We stress that we can allow any number of growing modes in the horizontal direction and the initial data can be arbitrarily large in \(L^2\). The uniqueness of solutions in \(C([0,T],L^2)\) follows similarly to other semilinear parabolic equations (see e.g. [38, Proposition 1.1, page 315]).
The proof is based on a bootstrap argument inspired by [5]. The main steps in this argument are as follows. For any initial data in \(L^2\), there exists a localintime mild solution of (2) on some interval of time \([0,t_0)\), which is also a weak solution in \(L^\infty ([0,t_0),L^2)\cap L^2([0,t_0),H^2)\) and satisfies the energy identity [17]. For \(t_0\) small enough, we can make the \(L^2\) and \(H^2\) norms of the projected component less than a certain multiple of the size of the initial data. By using the stability of the semigroup generated by \(H_\nu \), one then shows that, for \(\nu \) sufficiently small, these norms are in fact half that amount. Hence, the solution can be continued for a longer time than \(t_0\), which allows to bootstrap existence from local to global for the projected component and then conclude using the time evolution of the kernel component of the solution.
As we shall see in Sect. 2, the size of \(\nu _0\) in Theorem 1.1 depends on the rate at which \(\nu /\lambda _\nu \) vanishes as \(\nu \rightarrow 0\). Hence, improving the semigroup estimate (6) automatically implies a better global existence threshold. In Sect. 3, we show that imposing a possibly more restrictive condition on u (see Assumption 3.1), the semigroup bound can be improved. In particular, we consider as a prototypical example the case of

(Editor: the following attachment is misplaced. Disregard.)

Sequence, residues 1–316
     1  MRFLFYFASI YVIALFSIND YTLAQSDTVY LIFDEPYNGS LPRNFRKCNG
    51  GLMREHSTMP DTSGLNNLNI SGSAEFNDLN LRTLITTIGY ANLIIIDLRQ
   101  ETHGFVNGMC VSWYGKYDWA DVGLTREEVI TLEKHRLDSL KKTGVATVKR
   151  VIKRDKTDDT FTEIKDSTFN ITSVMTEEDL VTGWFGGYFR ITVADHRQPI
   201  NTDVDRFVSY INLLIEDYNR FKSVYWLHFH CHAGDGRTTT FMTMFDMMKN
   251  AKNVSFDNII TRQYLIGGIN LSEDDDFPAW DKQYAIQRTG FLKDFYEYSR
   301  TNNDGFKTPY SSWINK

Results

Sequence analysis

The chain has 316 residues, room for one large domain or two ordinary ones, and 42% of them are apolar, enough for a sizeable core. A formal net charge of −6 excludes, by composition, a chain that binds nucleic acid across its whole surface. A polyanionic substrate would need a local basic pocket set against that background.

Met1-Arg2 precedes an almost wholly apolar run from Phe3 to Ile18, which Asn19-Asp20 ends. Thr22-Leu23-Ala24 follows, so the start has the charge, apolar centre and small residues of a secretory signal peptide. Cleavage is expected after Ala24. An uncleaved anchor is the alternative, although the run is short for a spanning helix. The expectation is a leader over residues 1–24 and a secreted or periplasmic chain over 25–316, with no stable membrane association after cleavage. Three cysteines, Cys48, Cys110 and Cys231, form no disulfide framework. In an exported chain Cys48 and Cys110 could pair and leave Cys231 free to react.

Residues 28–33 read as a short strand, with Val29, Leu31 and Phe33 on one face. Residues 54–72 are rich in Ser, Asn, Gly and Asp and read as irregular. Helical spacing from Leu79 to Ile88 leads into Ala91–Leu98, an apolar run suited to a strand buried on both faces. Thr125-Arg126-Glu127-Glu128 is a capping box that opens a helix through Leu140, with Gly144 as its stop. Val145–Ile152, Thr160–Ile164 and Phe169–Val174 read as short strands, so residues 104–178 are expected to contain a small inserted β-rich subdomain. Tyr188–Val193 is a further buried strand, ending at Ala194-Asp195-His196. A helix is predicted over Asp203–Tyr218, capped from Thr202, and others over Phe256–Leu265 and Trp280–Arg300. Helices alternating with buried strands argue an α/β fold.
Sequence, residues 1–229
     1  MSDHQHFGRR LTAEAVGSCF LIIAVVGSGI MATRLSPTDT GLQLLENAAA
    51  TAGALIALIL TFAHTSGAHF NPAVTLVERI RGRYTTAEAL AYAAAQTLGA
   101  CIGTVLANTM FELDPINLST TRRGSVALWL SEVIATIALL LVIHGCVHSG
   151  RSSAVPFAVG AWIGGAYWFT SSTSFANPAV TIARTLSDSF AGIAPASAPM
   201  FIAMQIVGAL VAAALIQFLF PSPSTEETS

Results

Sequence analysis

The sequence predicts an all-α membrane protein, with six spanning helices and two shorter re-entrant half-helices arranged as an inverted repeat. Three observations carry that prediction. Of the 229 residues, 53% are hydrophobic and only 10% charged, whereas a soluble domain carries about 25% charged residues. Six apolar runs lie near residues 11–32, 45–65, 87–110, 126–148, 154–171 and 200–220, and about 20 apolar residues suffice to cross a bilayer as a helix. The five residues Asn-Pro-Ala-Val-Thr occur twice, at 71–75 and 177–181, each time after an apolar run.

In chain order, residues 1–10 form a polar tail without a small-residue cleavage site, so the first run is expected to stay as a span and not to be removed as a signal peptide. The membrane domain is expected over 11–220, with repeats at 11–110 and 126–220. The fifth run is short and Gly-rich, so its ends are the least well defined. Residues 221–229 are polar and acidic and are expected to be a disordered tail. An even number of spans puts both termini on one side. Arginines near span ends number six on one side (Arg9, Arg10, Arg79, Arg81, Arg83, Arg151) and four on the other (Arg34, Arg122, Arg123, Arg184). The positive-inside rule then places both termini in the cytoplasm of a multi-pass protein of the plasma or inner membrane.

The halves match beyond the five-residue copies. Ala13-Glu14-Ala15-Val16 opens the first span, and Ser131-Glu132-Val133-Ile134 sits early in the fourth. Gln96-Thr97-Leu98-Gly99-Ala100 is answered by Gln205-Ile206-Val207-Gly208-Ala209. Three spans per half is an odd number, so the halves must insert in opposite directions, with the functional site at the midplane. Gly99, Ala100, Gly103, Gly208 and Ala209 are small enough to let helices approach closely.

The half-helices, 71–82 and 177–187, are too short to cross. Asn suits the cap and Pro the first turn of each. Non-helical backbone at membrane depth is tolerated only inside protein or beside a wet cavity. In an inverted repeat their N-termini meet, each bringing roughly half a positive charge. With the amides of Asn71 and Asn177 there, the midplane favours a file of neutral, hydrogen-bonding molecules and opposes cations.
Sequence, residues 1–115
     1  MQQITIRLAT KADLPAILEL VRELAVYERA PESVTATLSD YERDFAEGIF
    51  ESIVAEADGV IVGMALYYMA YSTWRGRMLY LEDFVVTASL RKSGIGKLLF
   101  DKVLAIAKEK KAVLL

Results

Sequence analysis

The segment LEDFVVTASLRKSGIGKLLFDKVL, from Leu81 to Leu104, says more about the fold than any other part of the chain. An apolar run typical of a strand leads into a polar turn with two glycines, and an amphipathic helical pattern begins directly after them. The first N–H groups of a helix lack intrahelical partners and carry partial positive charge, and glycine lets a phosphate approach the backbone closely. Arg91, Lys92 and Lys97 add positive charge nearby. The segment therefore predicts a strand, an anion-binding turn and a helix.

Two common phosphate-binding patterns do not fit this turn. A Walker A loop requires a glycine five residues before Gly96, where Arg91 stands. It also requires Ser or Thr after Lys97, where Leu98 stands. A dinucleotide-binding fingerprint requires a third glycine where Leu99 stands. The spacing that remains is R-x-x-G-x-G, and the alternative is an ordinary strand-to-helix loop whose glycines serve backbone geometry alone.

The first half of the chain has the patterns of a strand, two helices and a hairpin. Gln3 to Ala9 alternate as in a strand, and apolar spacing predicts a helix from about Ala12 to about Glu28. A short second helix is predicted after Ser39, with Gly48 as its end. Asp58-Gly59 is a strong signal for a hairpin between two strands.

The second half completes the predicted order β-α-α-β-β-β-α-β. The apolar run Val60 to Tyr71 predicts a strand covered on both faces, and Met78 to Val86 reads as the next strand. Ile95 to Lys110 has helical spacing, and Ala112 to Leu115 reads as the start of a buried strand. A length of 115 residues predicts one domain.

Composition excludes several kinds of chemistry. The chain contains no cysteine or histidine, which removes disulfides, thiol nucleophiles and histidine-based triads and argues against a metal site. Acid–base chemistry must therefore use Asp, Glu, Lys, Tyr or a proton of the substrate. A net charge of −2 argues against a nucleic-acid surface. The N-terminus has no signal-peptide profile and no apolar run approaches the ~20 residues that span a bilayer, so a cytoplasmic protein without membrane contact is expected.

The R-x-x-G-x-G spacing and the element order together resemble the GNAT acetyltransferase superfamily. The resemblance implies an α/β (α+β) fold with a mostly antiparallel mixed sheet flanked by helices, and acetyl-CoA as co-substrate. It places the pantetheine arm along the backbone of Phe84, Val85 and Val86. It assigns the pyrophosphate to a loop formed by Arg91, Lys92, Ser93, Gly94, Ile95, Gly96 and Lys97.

and prove the following result.
Proposition 1.2
Let \(g\in L^2({\mathbb {T}}^2)\), \(0<\nu <1\), and u(y) be given as in (7). There exists \(\varepsilon '_0>0\), independent of \(\nu \), such that
for every \(t\ge 0\).
We observe that \(\ell \) is related to m in (6) in the sense that u in (7) has critical points of order at most \(m=\max \{2,\ell \}\). Hence, a direct comparison between (6) and (8) shows that (8) has a much better decay rate, and in particular \(\nu /\lambda '_\nu \rightarrow 0\) faster as \(\nu \rightarrow 0\).
The derivation of the semigroup estimate (8) is carried out in Sect. 3 via a spectraltheoretic approach. It follows from a general Gearhart–Prüss criterion for maccretive operators devised in [39] based on a quantitative pseudospectral bound. The proof is motivated by that of a similar result for the Laplace operator \(\Delta \) in [20]. For the Laplace operator plus advection, decay rates akin to (8) were obtained in [10, 39] for a shear with infinitely many critical points, using the pseudospectral approach, and for shear flows with finitely many critical points in [4], using hypocoercivity. Such quantitative semigroup estimates are relevant in the investigation of enhanced diffusion for passive scalars [3, 4, 13, 39], in the study of asymptotic stability of particular solutions to the twodimensional Navier–Stokes equations [14, 19, 33, 40], and have also applications to several other nonlinear problems [5, 25, 28, 29].
In Sect. 3, we prove a more general version of Proposition 1.2, namely Proposition 1.1, for shear flows satisfying a certain condition, Assumption 3.1, again inspired by [20]. This condition can be readily verified for u in (7). This is a main reason while we chose it as prototypical example. In fact, by refining the method of proof, we expect an analog of Proposition 1.2 to hold for any shear flow with critical points of order m.
In what follows, C denotes a generic constant that may depend on the domain, i.e., on \(L_1\) and \(L_2\). We utilize standard notation to denote function spaces, e.g. \(H^k({\mathbb {T}}^2)\) is the usual \(L^2\)based Sobolev space. We denote the \(L^2\)norm on the whole \({\mathbb {T}}^2\) as \(\Vert \cdot \Vert _{L^2}\) while \(\Vert \cdot \Vert _{L^2_y}\) is the \(L^2\)norm on the torus in the vertical direction.